How I Got My Job: Joan Watt, Assistant Director/Chief of the Appellate Division for Salt Lake Legal Defender Association (LDA)

What do you do?  I am the Assistant Director/Chief of the Appellate Division for Salt Lake Legal Defender Association (LDA). LDA represents indigent, court-appointed criminal defendants charged with state crimes in Salt Lake County. Our office has approximately 75 lawyers divided among misdemeanor, felony trial, and appellate divisions. I supervise all appellate attorneys and law clerks. I also carry an appellate caseload, advise trial attorneys who are preparing motions or cases for trial, and have office-wide administrative responsibilities.

Where are you from and why did you go to law school?  I am from California, and attended law school at the University of California, Davis. I went to law school because I wanted to further my education and academic pursuits, and thought that being a lawyer would help me to do something positive to help improve the lives of others.

What kind of activities did you do in law school?  I was on Law Review and did an internship for a state court judge. I also participated in volunteer activities and clerked for a law firm.

How did you first make contact with your employer and how did you get this job? I began my legal career working as an associate for a law firm in California. After moving to Utah, I applied for an entry level misdemeanor trial attorney position by submitting a cover letter and resume. I was hired and began my career at LDA representing court-appointed clients in the trial court.

LDA did not have an appellate division when I first began working at the office. As a misdemeanor attorney, I wrote appellate briefs and enjoyed the process. When the office formed an appellate division in 1987, I “temporarily” transferred to that division with the understanding that I could return to trial work. I enjoyed taking an active role in the development of an appellate division and continue to enjoy my position.

What does your typical day involve for you/your work?  Each day is a little different because of the different responsibilities of my position. Some days, I am able to focus primarily on my appellate caseload and spend several hours researching and writing appellate briefs. I also visit clients at the jail or prison or meet with them in the office. As an appellate attorney, I prepare for and present oral argument in the Utah appellate courts and also occasionally appear in the trial court.

As the Chief of the Appellate Division, I train, supervise, and oversee the other appellate attorneys in the office. In that capacity, I spend a good deal of time reviewing court records to aid in issue identification and development, discussing possible approaches to cases, analyzing possible legal arguments, and reviewing and editing briefs. I also moot lawyers to help them prepare for arguments in the appellate courts.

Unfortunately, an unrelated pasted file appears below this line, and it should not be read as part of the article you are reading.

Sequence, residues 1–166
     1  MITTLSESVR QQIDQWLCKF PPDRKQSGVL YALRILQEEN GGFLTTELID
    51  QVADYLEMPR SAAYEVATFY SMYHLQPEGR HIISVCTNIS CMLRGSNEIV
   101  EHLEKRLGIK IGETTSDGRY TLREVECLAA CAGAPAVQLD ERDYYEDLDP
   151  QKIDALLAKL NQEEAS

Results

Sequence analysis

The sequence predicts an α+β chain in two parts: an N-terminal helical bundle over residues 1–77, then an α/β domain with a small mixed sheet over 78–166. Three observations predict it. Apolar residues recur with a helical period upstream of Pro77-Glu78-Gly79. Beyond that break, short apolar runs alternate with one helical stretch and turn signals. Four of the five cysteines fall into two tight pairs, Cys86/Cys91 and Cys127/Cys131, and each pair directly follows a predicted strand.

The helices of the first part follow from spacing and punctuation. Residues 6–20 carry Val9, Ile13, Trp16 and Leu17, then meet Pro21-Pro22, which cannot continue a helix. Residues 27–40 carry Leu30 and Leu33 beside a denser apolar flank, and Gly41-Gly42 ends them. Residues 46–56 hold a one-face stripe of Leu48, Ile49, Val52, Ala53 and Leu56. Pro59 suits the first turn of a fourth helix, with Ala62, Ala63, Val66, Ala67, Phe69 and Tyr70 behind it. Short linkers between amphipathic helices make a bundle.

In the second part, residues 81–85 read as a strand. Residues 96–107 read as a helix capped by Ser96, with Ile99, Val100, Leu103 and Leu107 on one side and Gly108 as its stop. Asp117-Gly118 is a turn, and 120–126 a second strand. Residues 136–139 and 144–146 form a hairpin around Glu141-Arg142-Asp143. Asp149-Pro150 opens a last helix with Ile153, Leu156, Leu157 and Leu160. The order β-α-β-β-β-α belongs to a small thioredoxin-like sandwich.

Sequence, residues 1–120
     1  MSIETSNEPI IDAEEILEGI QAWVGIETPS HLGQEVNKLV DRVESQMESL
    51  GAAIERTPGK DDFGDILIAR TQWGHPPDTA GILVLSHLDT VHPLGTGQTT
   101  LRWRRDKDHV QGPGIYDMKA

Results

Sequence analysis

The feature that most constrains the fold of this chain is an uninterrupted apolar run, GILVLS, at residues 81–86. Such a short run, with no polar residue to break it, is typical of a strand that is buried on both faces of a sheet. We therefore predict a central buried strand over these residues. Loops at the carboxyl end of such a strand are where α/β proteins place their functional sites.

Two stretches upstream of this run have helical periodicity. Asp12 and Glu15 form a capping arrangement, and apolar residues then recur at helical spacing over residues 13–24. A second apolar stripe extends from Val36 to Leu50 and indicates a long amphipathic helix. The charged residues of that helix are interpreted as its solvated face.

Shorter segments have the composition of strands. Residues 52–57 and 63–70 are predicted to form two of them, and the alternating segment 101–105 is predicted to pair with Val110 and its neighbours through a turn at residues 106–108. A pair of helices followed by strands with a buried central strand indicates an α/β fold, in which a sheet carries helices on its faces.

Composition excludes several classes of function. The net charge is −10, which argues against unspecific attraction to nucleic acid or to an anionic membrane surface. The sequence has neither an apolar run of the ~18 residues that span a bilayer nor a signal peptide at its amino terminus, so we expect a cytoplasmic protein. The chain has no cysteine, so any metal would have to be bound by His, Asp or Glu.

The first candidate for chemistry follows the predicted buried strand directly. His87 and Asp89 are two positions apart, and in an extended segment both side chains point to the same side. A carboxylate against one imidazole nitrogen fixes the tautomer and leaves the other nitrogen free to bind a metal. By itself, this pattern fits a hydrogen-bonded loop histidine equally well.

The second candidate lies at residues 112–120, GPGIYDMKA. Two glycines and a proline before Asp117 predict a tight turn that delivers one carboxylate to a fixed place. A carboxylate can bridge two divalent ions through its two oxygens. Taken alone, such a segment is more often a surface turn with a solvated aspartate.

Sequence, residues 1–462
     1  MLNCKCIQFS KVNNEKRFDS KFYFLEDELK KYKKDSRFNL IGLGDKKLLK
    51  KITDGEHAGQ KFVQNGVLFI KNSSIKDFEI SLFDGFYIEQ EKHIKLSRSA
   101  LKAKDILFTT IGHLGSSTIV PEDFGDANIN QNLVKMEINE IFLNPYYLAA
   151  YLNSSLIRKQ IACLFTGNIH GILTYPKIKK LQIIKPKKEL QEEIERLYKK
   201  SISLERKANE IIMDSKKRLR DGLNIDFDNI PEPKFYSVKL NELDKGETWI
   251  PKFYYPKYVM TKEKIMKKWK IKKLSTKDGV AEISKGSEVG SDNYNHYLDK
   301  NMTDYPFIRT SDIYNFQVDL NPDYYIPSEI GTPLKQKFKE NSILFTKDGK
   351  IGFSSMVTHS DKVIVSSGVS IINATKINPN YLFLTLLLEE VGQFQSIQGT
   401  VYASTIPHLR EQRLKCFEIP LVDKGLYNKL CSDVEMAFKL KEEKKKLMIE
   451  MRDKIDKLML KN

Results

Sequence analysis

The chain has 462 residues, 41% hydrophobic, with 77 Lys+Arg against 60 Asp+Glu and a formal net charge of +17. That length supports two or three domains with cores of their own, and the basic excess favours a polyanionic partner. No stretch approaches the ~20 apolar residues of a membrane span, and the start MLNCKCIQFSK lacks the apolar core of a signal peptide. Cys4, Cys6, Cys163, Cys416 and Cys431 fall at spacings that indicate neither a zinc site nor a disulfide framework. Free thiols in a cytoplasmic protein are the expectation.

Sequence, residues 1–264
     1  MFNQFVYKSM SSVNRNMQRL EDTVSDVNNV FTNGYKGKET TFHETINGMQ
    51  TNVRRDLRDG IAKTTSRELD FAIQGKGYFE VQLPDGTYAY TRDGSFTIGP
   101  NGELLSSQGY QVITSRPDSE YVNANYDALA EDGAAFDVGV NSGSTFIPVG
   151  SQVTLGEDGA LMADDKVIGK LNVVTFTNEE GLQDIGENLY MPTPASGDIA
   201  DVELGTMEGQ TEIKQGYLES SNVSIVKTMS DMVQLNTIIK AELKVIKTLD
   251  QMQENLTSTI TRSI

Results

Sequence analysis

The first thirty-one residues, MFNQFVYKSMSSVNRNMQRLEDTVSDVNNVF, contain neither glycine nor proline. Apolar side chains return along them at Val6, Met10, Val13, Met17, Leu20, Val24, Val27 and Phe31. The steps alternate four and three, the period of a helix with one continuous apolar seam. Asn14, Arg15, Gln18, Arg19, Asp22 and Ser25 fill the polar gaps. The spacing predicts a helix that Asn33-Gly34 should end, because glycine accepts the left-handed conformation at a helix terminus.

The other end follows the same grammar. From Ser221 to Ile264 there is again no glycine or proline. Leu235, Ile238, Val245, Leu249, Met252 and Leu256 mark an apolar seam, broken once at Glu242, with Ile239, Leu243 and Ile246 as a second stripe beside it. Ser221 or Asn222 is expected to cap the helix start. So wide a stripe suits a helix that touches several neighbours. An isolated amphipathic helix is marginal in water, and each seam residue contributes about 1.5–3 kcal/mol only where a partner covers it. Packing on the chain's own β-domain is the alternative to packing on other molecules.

I also supervise LDA law clerks and spend time meeting with lawyers who need clerk help, outlining assignments for law clerks, and assisting in focusing the legal issues that need to be researched. I help trial lawyers develop and preserve issues in the trial court. Additionally, I oversee the initial filing and docketing of appeals, review motions and memoranda being filed in the trial courts, and discuss and identify issues being raised by trial lawyers.

My position as an Assistant Director involves office wide administration. Office wide administration involves a number of responsibilities including, among other things, being involved in interviewing and hiring law clerks and attorneys.

What are the best (and worst, if you want) parts of your job?  There are many things I like about my job. Oral argument is perhaps both the best – and the worst – part of the job. Although presentation of oral arguments does not involve much time, preparation can require a significant amount of time. I enjoy the preparation, but it is also a time when stress can build. The day or evening before an oral argument can be especially stressful, but the arguments themselves are often a high point of being an appellate attorney.

Working with my clients is also one of the best parts of my job. And, I love to research and write and find the development of issues particularly rewarding.

What tips/advice do you have for job-seeking S.J.Quinney School of Law students and recent alum?  Learn about the nature of the job, the office, and the people who work there. Emphasize any strong points you have that make you a good candidate for the job. Ask relevant questions that show you are particularly interested in and suited for the specific job. Don’t exaggerate or overdo your qualifications or unduly flatter your interviewer. Be as natural as you can when interviewing.